For a system to be multivalent, both the receptor and the ligand must be multitopic (Figure 1). Multitopic species can be either covalently attached (In a multitopic protein or as distinct DNA binding motifs) or tethered (e.g., in a membrane) and for this reason, the microscopic rate constants can be the result of many different system or environmental specific parameters i.e., Covalently attached multitopic binders may experience very different degrees of flexibility and intermolecular dynamics and membrane tethered ligands diffuse more slowly and only in two dimensions compared to molecules in solution. Multivalent systems can be either homovalent (identical binding sites) or heterovalent (different binding sites) and also appear as positive and negative cooperative (Figure 1). Thus, a homobivalent system can have different rate constants for the first and second binding event (Vauquelin et al., 2014). Cooperativity, however, can be very hard to show in multivalent systems. The simplest situation where multivalency can be observed is when a homo-dimeric protein (AA) binds a homo-dimeric ligand (aa) according to the scheme presented in Figures 1 and 2C. As the heterogeneity or valency increases, the number of possible bound states increases exponentially. Not considering any cross binding (several receptors bound by the same ligand), the number of possible states can be estimated by the expression . For a heterobivalent interaction, the number of possible states is thus 7, which increases to 156 for a pentavalent interaction (Erlekam et al., 2019). The initial binding step of any multivalent interaction is governed by the intrinsic association rate constant. After binding of the first ligand, the second ligand is spatially restricted and in close proximity to its target. The effect of this forced proximity can be formalized into a local concentration, [L], and therefore the effective association rate of the second ligand binding will proceed much faster than the first (Kramer and Karpen, 1998). In the case of dissociation of only one ligand from its target, which is independent on the local concentration and governed the intrinsic dissociation rate, koff, the ligand will still maintain the high local concentration and the probability of rebinding to the same or other sites in the proximity of the multivalent molecule will be high. For this reason, multivalent interactions can have extremely high residence times and may be virtually irreversible (Vauquelin and Charlton, 2013; Huskens, 2018). In almost all cases, the local concentration will be much higher than the bulk ligand concentration (typically around μM) and therefore the rebinding event will be favored over the association of a third multivalent molecule (ternary complex). In such cases, the intermediate product aaAA will be short-lived and the system will quickly equilibrate and form the closed binary complex where each binding site on aa interacts with a binding site on AA. We call this complex aAAa. If, however, the local concentration of free aa is very high or the formation of the multivalent complex is very unfavorable (f is high), the ternary complex, aaAAaa, will be populated. Such a multivalent system will take much longer to equilibrate and consequently, biological multivalent systems may never fully reach equilibrium (Vauquelin and Charlton, 2013). The occupancy and life-times of the intermediate aaAA and ternary aaAAaa products, can be of great biological significance (Erlendsson et al., 2019).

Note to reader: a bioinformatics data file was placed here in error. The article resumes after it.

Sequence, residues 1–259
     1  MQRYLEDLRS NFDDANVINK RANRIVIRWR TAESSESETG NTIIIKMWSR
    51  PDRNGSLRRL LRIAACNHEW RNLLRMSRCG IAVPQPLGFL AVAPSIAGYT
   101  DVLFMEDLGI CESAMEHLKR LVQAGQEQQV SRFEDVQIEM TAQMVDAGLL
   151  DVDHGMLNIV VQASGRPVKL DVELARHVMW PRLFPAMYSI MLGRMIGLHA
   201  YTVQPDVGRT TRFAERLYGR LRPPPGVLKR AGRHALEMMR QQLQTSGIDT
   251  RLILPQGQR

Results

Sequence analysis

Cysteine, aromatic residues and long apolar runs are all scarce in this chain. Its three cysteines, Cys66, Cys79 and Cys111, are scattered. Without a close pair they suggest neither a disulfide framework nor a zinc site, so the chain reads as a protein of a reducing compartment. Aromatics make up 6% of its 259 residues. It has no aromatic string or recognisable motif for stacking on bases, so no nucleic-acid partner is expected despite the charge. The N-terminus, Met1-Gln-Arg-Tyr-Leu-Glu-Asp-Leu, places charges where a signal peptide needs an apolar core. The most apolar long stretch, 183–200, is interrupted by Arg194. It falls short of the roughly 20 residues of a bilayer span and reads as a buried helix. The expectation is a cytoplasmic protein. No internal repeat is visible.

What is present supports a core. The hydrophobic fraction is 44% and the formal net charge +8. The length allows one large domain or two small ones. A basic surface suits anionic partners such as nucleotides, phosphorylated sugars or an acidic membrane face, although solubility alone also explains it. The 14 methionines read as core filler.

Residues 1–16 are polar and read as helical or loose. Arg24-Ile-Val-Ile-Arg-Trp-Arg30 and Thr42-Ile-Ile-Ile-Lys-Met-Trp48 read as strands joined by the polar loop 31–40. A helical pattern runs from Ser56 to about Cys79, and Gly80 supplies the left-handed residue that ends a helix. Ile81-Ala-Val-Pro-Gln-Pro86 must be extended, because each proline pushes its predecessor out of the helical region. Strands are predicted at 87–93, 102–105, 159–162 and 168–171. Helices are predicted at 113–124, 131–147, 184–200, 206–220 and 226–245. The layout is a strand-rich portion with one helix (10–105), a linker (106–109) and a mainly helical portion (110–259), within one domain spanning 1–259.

Hindered Diffusion and Reduced Dimensionality
In a real biological system knowing the free receptor and ligand concentrations is not straightforward. Cells and tissue are highly compartmentalized, and fluctuations in temperature, pressure, ionic concentrations, pH and oxidation levels as well as the dimensionality and molecular composition of the compartment are crucial regulators of cellular function. All of these parameters govern the diffusional properties and flux of molecules and therefore also the avidity of both mono and multivalent interactions through modulation of the effective association rate constants (Goldstein and Dembo, 1995). For example, interactions taking place in confined protein dense areas beneath or above the plasma membrane (immunological synapses, synaptic clefts or the postsynaptic density) will often suffer from reduced dimensionality and hindered diffusion which can result in a concentration gradient between membrane proximal and distal regions (Vauquelin and Charlton, 2010). Coombs and Goldstein (Goldstein and Dembo, 1995; Coombs and Goldstein, 2004) proposed that the effect of hindered diffusion can be approximated by calculating modulated rate constants considering the dimensions of the compartment, the flux and the diffusion coefficients: